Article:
Andrew Herscher's current research deals with the modernist monuments of the former Eastern Europe. These monuments have been assimilated into post-socialist contexts by being re-framed in new and different categories. “Ruin” and “heritage” are perhaps most common of these re-framings. In the case of the ruin, the socialist monument has become socialist waste, while in the case of heritage, the socialist monument has become the national monument. These re-framings are even more pronounced outside the former socialist states. Recently, images of socialist monuments have begun to circulate through global visual culture as science fiction, with extra-terrestrial worlds invoked as figurative locations for monuments that emerged in and for a disappeared and largely unremembered Second World.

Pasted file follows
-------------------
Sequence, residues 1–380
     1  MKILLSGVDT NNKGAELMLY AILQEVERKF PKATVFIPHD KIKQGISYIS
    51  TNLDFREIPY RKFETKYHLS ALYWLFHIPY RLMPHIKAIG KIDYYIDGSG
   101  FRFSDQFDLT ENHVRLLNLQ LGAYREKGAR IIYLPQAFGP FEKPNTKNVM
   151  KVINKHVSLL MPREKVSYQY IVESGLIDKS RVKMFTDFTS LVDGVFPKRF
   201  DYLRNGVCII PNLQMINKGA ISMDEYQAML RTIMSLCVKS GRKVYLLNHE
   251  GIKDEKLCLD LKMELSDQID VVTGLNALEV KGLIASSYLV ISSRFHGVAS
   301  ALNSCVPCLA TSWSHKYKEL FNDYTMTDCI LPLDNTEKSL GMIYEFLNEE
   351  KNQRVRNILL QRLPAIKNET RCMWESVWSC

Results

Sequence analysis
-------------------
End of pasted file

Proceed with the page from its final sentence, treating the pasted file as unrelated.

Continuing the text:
The post-socialist appearance of ruined, nationalized, and other-worldly socialist monuments can each be understood as post-political phenomena; each register the disappearance of struggles for emancipation and equality in contemporary liberal democracy. To return to the socialist monument as a site of collective inquiry, desire, or contestation, then, can open a space for a memory of politics.
The socialist monument cannot be remembered as such within the contemporary post-socialist moment. When the socialist monument is excluded from the post-socialist present rather than destroyed to fit into that present, what becomes newly visible in the monument’s history? How does that history open up new futures? And what can a monument do to participate in such openings?
The discussion afterwards will be moderated by the Chair of IZK, Prof. Milica Tomić.